Here, it appears that the lone claim Anthony advances in his petition has been properly exhausted. His claim is that the sentencing court violated his Fourteenth Amendment due process rights and Fifth Amendment right against self-incrimination when “he was punished for going to trial.” (Docket #1 at 6). Anthony argues that at his sentencing hearing, the trial judge “admonished [him] for having required the victims to testify [at trial]. The court indicated that Anthony had victimized the victims again by requiring them to testify in open court. These statements were made before the court issued its sentence. The court failed to consider Anthony's right to trial.” Id. at 6-7.

         After sentencing, Anthony, through counsel, filed a motion for post-conviction relief asserting this argument and requesting modification of his sentence. (Docket #1-1 at 1-3). The trial court denied the motion. Id. He then appealed the judgment of conviction and the denial of his motion for post-conviction relief to the Wisconsin Court of Appeals, which affirmed the trial court in all respects. Id. at 5-9. Finally, Anthony sought review of the decision of the Court of Appeals in the Wisconsin Supreme Court, but that court denied the application for review. Id. at 10. Therefore, Anthony's claim appears to have been fully exhausted in state court.

         The Court next reviews Anthony's petition under Rule 4 to determine whether he has procedurally defaulted on any of his claims. Even though a constitutional claim in a federal habeas petition has been properly exhausted, the Court is still barred from considering the claim if it has been procedurally defaulted. See Mahaffey v. Schomig, 294 F.3d 907, 915 (7th Cir. 2002). A state prisoner procedurally defaults on a constitutional claim in a habeas petition when he fails to raise the claim in the state's highest court in a timely fashion or in the manner prescribed by state law. See O'Sullivan v. Boerckel, 526 U.S. 838, 848 (1999); Thomas v. McCaughtry, 201 F.3d 995, 1000 (7th Cir. 2000).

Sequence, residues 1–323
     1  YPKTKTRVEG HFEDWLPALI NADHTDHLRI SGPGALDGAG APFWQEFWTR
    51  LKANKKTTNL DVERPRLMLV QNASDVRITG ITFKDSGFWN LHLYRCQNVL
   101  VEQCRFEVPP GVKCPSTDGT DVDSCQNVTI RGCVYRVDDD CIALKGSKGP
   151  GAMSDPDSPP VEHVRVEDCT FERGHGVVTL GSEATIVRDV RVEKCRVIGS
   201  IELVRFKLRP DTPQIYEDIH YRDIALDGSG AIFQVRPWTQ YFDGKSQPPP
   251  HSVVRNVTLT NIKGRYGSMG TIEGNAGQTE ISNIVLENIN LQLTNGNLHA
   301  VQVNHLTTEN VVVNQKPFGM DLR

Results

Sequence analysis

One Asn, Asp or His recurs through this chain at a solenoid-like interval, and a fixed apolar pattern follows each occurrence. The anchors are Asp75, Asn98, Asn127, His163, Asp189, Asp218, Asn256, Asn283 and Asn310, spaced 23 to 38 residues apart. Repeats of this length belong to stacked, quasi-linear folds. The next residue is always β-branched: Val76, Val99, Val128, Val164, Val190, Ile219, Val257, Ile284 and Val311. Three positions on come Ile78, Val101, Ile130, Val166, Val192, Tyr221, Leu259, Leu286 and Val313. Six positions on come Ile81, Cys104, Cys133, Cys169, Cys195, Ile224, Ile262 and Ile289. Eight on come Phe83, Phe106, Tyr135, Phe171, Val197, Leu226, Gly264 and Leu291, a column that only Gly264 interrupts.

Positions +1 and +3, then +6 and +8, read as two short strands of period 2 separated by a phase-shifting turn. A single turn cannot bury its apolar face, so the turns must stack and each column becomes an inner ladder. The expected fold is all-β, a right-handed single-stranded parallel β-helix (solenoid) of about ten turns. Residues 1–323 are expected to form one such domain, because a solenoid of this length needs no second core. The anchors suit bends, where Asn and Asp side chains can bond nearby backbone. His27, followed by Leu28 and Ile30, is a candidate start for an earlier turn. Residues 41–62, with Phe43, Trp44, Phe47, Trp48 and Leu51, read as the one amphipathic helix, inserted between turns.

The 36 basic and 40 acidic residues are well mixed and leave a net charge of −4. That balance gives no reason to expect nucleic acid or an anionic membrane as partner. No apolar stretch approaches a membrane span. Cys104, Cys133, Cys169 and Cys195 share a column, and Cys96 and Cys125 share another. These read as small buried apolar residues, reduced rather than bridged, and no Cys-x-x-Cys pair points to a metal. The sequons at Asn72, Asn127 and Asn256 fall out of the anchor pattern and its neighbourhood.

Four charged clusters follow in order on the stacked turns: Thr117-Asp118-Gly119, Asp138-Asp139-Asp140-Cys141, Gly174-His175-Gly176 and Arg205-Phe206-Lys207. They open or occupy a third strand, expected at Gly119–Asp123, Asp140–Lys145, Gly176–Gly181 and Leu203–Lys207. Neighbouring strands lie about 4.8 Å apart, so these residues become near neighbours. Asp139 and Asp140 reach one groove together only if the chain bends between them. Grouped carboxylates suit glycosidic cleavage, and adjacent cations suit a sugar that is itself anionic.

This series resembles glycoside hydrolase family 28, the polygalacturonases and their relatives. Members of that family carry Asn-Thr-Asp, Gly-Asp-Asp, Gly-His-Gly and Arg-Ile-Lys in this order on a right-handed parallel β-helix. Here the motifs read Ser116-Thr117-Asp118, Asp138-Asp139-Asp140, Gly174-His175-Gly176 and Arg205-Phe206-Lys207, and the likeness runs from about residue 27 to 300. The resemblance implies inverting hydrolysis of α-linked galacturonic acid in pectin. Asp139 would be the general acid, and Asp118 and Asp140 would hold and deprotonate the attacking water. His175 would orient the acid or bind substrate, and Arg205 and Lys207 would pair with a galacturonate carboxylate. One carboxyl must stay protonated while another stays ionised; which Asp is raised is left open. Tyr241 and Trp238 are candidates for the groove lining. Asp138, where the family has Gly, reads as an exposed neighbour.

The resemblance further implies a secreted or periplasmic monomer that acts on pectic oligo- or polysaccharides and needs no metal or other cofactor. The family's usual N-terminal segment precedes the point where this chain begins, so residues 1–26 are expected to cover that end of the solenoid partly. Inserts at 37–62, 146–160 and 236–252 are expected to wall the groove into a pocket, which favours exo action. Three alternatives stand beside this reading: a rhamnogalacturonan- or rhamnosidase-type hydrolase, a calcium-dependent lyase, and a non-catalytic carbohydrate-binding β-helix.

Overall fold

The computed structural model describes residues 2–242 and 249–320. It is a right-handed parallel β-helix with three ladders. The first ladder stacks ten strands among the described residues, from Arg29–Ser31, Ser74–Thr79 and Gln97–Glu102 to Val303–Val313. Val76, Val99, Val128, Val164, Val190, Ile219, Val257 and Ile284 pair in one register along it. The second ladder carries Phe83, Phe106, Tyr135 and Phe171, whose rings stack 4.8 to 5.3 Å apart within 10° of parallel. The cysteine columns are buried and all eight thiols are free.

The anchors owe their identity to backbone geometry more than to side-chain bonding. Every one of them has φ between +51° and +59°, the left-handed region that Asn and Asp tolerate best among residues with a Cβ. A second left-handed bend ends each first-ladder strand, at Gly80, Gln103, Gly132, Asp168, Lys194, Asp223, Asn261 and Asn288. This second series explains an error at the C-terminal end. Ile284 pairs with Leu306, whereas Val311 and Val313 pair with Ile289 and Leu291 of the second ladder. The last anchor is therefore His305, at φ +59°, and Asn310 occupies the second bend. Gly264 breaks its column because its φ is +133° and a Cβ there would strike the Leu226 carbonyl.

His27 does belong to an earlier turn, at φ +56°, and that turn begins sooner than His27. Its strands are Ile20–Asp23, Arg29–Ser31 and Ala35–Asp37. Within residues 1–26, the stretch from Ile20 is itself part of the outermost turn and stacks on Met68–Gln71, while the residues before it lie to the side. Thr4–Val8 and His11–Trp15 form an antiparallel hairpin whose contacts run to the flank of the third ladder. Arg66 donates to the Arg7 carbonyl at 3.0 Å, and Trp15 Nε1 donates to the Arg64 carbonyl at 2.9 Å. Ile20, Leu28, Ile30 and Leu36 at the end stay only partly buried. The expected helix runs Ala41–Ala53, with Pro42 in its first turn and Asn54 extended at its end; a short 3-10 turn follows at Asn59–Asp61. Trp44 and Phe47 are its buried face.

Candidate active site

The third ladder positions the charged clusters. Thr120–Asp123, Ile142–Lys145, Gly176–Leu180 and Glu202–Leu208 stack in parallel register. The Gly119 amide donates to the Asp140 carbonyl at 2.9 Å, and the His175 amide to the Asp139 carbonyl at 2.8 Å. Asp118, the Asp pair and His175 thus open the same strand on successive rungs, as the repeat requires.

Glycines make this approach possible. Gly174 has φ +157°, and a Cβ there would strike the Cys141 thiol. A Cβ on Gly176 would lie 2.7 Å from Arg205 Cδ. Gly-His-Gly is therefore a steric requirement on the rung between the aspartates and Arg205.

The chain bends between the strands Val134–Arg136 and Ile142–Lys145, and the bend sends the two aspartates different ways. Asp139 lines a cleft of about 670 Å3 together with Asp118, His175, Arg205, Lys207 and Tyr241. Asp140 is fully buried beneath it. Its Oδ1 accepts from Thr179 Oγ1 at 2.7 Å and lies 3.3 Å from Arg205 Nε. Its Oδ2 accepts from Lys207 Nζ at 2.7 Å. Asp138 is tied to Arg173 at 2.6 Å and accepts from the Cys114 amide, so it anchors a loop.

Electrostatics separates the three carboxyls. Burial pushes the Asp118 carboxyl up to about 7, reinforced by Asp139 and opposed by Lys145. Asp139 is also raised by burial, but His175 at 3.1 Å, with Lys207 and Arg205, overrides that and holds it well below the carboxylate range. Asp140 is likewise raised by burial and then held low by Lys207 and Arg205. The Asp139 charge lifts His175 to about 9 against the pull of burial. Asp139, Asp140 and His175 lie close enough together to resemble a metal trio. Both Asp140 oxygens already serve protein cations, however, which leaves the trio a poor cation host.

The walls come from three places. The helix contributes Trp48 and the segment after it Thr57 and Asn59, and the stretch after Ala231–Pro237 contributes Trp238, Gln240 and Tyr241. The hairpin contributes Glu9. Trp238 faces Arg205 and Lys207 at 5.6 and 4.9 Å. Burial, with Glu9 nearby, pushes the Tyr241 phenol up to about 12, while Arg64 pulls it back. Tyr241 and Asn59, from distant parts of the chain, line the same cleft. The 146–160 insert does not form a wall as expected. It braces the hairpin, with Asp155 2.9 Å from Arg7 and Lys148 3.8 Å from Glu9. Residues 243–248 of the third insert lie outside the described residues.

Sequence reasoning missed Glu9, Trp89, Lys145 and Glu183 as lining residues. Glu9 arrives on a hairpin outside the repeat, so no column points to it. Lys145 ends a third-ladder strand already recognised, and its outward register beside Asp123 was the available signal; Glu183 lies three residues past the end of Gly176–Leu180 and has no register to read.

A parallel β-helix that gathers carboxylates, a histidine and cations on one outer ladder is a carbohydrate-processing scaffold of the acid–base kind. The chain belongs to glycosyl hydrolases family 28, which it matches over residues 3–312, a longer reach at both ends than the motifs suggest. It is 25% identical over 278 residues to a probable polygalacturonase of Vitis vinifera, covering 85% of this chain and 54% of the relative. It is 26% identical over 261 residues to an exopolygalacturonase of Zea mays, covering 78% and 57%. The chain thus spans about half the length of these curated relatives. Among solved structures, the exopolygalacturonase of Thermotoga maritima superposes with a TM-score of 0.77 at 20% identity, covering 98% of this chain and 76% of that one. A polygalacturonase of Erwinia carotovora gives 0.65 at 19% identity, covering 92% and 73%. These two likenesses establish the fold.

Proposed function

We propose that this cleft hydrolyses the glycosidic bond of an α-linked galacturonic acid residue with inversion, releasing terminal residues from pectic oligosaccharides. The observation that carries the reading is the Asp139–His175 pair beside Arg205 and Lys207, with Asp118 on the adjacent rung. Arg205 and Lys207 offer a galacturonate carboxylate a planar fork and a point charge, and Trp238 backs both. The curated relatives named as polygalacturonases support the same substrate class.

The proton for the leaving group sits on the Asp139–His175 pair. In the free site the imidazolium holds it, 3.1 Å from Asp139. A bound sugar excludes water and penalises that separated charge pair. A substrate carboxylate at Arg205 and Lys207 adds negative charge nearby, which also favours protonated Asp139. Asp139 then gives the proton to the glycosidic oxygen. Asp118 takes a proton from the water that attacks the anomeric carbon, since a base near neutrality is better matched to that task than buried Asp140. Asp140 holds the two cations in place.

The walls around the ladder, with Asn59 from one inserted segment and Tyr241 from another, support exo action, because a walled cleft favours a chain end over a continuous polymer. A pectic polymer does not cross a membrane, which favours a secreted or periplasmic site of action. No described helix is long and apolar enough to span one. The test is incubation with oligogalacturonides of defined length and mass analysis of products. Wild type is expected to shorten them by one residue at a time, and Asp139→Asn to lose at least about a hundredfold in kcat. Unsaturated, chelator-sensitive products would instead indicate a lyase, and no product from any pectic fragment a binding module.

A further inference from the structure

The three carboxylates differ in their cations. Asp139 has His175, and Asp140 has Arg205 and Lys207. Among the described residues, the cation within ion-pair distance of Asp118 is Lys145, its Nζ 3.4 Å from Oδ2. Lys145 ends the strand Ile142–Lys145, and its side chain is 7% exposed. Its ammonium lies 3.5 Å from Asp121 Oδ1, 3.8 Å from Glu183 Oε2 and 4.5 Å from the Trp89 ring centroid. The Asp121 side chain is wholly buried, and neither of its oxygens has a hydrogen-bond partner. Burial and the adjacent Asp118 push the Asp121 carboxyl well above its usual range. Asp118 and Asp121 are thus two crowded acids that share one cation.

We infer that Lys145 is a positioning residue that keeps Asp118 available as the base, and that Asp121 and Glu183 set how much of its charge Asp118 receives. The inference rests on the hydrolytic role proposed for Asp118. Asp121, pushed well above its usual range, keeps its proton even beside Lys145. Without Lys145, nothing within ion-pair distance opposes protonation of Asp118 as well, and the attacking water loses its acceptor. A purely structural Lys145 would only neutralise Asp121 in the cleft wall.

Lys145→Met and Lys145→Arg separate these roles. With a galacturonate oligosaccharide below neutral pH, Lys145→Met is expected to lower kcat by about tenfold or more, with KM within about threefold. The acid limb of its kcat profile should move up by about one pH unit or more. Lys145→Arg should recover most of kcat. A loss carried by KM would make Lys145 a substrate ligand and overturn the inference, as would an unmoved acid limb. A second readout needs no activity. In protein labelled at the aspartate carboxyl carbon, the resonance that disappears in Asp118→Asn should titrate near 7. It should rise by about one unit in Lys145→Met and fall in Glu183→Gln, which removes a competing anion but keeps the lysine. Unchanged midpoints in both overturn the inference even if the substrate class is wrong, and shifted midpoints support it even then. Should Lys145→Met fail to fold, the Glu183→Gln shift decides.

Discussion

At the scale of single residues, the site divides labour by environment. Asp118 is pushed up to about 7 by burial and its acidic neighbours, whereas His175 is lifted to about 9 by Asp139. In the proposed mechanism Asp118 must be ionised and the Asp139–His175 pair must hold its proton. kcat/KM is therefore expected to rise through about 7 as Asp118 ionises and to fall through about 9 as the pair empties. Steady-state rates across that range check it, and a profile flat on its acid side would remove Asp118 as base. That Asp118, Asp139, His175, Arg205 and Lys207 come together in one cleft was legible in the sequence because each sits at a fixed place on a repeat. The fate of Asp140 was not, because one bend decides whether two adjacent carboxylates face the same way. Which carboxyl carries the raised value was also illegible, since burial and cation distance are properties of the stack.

Here, it appears that Anthony has not procedurally defaulted on his claims. From the decisions of the state courts appended to his petition, it appears that each level of the Wisconsin courts was presented with the claim Anthony advances here through his direct appeal and accompanying motion for post-conviction relief. (Docket #1-2 at 1-10). Nothing on the face of these documents suggests that Anthony did not timely and properly present his claim to the state courts.

         The Court concludes its Rule 4 review by screening for patently frivolous claims in Anthony's petition. Ray, 700 F.3d at 996 n.1. Although it harbors significant reservations as to the potential merit of Anthony's claim, it does not plainly appear that it is frivolous or speculative. Thus, the Court will direct Respondent to file an answer to Anthony's petition.

         Accordingly, IT IS ORDERED that the parties shall proceed in accordance with the following schedule:

1. Within 30 days of entry of this order, the respondent shall file either an appropriate motion seeking dismissal of this action or answer the petition, complying with Rule 5 of the Rules Governing Section 2254 Cases, and ...